The word "make" instantly conjures up images. Maybe it's a birthday cake or a holiday craft you helped your mom make as a child. Maybe it's the notepad or napkin holder you made in shop class in high school.
The word "make" instantly conjures up images. Maybe it's a birthday cake or a holiday craft you helped your mom make as a child. Maybe it's the notepad or napkin holder you made in shop class in high school. Maybe it's the family dinner you are making tonight. Regardless of how you define "make" for yourself, we've all had experience in making something of value out of nothing much at all. As anyone who has shopped on Etsy knows, there are lots of very industrious folks out there whose interest in making extends past the realm of arts and crafts, and into bulk production and sales.
Those of us who aren't as handy or inventive are happy to buy the products that result from other people's labor. But what if we really could make much more of what we need or want? What if we stopped turning to the Internet and instead could privately own the 3D machines that could "print" out anything we designed, from food to cars? Sounds like sci-fi, but this exploration's featured book, Makers by Chris Andersen, will explain how what seems like future-impossible is actually quite likely. The entire subject of "making" is so interesting that we've constructed a new KnowledgeBlocks exploration on the evolution of "making." (Listen to our podcast conversation with Chris Anderson here.)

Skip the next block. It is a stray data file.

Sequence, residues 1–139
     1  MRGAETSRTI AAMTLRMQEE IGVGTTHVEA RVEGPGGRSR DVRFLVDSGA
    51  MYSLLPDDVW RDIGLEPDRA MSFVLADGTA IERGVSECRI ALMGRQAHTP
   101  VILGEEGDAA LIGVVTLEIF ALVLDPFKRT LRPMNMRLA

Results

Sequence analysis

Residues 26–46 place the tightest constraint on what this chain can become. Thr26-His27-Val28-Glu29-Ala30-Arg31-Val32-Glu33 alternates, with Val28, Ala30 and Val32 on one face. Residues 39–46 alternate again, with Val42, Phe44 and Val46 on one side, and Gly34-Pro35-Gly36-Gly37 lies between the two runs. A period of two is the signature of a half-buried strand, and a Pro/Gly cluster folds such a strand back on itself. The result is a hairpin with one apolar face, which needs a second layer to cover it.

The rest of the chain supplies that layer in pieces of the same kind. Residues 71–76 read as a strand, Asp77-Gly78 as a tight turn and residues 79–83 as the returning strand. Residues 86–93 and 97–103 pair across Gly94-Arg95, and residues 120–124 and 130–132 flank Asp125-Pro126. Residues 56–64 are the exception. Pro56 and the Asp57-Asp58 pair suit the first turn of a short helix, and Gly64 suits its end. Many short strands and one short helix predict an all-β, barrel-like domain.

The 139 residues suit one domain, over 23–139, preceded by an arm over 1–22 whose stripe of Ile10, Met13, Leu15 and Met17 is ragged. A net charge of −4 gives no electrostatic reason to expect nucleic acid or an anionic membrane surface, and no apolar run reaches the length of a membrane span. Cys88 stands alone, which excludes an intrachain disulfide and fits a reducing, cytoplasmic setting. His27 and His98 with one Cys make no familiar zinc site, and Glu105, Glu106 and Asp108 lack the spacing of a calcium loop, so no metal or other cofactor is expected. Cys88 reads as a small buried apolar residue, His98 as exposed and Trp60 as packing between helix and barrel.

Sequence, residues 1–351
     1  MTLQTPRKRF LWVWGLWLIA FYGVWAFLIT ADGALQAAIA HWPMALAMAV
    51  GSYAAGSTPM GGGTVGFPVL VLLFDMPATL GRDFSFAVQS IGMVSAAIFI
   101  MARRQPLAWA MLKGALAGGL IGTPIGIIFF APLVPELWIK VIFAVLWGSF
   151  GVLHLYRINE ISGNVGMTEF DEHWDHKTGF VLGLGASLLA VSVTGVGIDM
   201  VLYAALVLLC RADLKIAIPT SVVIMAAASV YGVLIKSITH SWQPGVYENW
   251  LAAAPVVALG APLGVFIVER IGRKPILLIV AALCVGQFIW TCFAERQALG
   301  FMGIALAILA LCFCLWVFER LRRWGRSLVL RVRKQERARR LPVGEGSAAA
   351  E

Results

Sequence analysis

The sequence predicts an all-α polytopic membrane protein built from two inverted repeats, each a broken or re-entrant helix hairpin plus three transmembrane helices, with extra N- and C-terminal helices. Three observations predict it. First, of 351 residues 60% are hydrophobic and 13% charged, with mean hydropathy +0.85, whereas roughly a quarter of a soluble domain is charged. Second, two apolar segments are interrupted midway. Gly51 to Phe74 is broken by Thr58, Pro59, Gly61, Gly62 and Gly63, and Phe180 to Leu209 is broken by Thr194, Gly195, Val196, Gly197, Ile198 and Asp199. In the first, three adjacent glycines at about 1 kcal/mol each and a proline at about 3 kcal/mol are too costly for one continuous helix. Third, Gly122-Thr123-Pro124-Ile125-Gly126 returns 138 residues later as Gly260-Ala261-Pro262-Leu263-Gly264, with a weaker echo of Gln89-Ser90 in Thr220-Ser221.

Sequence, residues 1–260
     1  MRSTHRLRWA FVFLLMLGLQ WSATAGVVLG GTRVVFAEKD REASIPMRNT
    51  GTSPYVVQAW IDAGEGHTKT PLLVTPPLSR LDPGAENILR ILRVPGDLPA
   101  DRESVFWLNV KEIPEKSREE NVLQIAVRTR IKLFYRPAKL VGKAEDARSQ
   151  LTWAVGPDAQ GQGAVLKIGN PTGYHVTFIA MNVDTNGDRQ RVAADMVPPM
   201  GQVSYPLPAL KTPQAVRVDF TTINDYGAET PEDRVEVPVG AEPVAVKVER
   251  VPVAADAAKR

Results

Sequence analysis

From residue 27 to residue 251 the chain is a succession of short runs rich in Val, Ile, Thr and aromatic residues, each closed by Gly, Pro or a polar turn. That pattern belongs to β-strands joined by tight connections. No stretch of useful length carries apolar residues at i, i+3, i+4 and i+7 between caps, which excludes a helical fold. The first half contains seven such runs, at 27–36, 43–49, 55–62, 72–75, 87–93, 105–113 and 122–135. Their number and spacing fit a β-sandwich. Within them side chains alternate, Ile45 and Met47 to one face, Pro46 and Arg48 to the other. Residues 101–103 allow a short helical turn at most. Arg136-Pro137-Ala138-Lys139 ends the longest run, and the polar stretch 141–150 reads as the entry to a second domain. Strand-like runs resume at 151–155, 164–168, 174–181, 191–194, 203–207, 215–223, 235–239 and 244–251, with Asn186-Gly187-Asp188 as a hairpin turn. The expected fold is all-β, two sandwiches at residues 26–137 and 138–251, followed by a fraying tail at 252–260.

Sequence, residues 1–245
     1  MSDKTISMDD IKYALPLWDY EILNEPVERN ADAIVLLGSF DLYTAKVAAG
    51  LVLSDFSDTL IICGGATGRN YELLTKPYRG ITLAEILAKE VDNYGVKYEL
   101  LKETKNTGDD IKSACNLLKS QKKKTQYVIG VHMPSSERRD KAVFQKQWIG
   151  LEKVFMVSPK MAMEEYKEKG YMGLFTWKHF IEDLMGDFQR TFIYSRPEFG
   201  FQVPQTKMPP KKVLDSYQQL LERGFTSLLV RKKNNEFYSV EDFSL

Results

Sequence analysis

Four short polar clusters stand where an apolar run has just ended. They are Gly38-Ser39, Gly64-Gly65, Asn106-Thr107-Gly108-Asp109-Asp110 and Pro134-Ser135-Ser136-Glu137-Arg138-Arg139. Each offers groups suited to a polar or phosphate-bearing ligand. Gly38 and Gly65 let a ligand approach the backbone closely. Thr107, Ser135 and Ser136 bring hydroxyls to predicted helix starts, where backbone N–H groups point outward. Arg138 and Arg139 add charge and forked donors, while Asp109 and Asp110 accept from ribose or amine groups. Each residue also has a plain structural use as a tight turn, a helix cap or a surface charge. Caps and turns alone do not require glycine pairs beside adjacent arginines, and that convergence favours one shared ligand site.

Also in this exploration we'll look at the potential--even the humanity--found in making things via Mark Frauenfelder's Made By Hand, and how innovation starts always with a good idea (that is probably part someone else's good idea) with Steven Johnson's Where Good Ideas Come From. Watch videos featuring Chris Anderson, Kirby Ferguson's Everything is a Remix, Karim Rashid, Jason Malinak, Ryan Varga's We Make Things, even Rod Sterling.